I have bought DD a handwriting book from WH Smith so that she can learn about tall and short letters etc. We do a couple of rows each evening, no more as their little hands get tired. It is best to group the letters, so cursive letters which start with a 'curly caterpillar shape' are 'c,o,a,d,g,q' are good ones to start with. Focus on one at a time until she has grasped it. Her handwriting will not change over night which will be frustrating for you. Also, she will start to write them perfectly in her handwriting sessions, but once she goes back to general writing (whole sentences etc) she will revert back to her old habits as there are just so many things for them to be focusing on, such as spelling, content, spaces etc. This is why she needs little and often in terms of practising. Make sure you have a copy of the exact script that the school uses because even with cursive writing it can vary, for example, some schools 'loop' g and y and some don't. The letter f varies a lot too. Cursive writing is great because all letters start on the line. Let me know if you need more advice. x

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    Quote Originally Posted by Maza View Post
    Okay, I taught reception and year one for years before childminding, and as Literacy co-ordinator handwriting was one of my favourite 'subjects'. You don't need to worry yet, but now is the time to start working on it. Handwriting is one of those things that really requires some one-to-one teaching and so it is good to do some at home. I am now doing it with my DD each night as although they have handwriting sessions they are done as a whole class and so when I went to Parents Eve I saw that she had done rows of letters, but as no one was sitting with her, she had rows of incorrectly formed letters, grrrr, total waste of her time and was reinforcing bad habits.

    I have bought DD a handwriting book from WH Smith so that she can learn about tall and short letters etc. We do a couple of rows each evening, no more as their little hands get tired. It is best to group the letters, so cursive letters which start with a 'curly caterpillar shape' are 'c,o,a,d,g,q' are good ones to start with. Focus on one at a time until she has grasped it. Her handwriting will not change over night which will be frustrating for you. Also, she will start to write them perfectly in her handwriting sessions, but once she goes back to general writing (whole sentences etc) she will revert back to her old habits as there are just so many things for them to be focusing on, such as spelling, content, spaces etc. This is why she needs little and often in terms of practising. Make sure you have a copy of the exact script that the school uses because even with cursive writing it can vary, for example, some schools 'loop' g and y and some don't. The letter f varies a lot too. Cursive writing is great because all letters start on the line. Let me know if you need more advice. x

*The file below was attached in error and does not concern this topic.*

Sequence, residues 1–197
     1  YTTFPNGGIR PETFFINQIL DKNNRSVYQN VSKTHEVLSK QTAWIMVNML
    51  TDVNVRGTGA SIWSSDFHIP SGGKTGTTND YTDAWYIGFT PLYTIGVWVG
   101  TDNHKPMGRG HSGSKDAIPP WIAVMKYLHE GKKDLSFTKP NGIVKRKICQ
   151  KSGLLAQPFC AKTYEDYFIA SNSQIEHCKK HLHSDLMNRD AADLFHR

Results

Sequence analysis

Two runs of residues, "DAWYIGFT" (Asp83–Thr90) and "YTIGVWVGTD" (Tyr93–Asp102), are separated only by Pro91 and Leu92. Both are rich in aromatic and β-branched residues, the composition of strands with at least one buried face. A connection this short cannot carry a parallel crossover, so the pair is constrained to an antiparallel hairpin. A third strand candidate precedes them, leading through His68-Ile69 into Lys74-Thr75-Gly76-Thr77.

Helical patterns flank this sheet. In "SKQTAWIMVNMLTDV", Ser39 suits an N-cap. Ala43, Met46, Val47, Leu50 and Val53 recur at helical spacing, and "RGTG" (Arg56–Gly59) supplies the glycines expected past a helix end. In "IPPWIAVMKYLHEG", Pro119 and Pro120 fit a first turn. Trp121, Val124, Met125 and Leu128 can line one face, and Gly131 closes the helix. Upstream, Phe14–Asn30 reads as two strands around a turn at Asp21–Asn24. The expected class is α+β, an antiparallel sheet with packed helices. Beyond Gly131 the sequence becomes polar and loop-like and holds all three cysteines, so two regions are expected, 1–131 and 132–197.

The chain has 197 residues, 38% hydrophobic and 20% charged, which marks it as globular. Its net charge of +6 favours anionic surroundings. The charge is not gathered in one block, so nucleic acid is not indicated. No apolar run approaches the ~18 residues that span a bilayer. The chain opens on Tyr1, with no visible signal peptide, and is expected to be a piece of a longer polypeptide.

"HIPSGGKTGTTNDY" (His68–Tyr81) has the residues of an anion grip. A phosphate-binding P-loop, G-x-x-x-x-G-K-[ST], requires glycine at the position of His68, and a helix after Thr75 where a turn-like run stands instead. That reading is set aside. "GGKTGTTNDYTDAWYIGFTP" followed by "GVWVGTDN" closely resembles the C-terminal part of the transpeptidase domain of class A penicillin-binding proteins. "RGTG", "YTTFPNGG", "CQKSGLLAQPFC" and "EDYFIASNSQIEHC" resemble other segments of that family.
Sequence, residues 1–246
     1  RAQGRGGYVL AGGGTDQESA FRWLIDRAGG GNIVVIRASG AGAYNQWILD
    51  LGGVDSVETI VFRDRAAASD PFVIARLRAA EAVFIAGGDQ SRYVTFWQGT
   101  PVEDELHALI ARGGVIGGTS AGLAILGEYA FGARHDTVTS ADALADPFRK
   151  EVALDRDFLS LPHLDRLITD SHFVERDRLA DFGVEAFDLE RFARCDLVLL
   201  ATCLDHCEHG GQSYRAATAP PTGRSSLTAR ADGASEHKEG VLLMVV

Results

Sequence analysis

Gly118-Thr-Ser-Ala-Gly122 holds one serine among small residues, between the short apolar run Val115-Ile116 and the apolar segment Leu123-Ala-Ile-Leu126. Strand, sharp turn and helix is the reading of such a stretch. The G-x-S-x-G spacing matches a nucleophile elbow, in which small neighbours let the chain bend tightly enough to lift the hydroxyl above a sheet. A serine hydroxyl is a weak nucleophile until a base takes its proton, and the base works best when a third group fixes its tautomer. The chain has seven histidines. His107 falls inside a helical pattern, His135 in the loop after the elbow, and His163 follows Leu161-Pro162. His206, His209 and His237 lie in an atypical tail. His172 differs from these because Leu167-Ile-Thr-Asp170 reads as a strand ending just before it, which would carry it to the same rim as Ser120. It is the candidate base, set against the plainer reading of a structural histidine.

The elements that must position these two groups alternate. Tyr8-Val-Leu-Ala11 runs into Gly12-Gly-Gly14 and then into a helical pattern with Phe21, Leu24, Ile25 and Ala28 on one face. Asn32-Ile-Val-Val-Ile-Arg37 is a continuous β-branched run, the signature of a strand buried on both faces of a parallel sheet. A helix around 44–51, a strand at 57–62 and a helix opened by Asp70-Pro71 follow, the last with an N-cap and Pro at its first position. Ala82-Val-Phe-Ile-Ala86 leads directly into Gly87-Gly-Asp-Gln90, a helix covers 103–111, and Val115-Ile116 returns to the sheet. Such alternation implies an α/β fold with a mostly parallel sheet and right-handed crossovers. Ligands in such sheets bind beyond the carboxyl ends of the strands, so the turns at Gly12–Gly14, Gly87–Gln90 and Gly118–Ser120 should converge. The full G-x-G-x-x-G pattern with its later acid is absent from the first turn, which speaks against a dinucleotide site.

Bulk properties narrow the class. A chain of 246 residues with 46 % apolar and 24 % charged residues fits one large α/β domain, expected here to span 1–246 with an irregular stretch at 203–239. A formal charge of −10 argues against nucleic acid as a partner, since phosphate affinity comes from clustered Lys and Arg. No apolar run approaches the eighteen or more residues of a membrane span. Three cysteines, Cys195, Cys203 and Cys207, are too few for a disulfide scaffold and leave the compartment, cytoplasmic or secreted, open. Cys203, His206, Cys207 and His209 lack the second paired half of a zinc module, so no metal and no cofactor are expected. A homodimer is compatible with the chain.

Wow, thank you so much that is so helpful. Funnily enough we were practising her writing the word "dog" today so that was all curly caterpillar shapes.
    Bad habits is exactly the reason I want to help her now because surely the longer she carries on forming letters incorrectly the harder it will be to re-do it all.
    After my conversation with her teacher about this her teacher sent her home with some pages with cursive letters on for practising so I will get her to start on those. Funnily enough when I got all the worksheets out today she sighed really hard when she thought I was going to get her to practise cursive letters so I decided not to and so she just practised normal writing of "dog. She is very keen to do practise and I don't want to put her off.
    Thanks again
    xx

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    It is just practice practice practice! I used handwriting books with my children and older mindees. I also have whiteboards with the alphabet printed on both cursive and block letters. All mindees love them!

    I help with handwriting at school and I start with making sure the children are holding the pencil correctly and then we practice groups of letters that are formed the same way. But like someone else said ... As soon as the children start writing and thinking about other things they are doing, the correct formation of letters is forgotten which is why doing 5/10 mins each day at home will really help.

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    Quote Originally Posted by AliceK View Post
    Hi
    My DD is in Year 1. I have noticed she is not forming her letters correctly, she can write them but she is not forming them in the correct way so as an example when she is writing a lower case d she will start at the top, come down and then do the curly bit. They are now being taught cursive writing. Will the fact that she is not correctly forming her letters hinder this? I would have thought she should be getting the "basics" correct before starting to do cursive writing. Can anyone tell me if I am worrying unnecessarily about this?? It's really bugging me.

    xxxx
    My DD is also Year 1 and does not form her letters correctly - the school are also teaching cursive which I didn't think was a good idea until she has mastered the basics. Great advice and tips from everyone so thank you for posting in the first place! x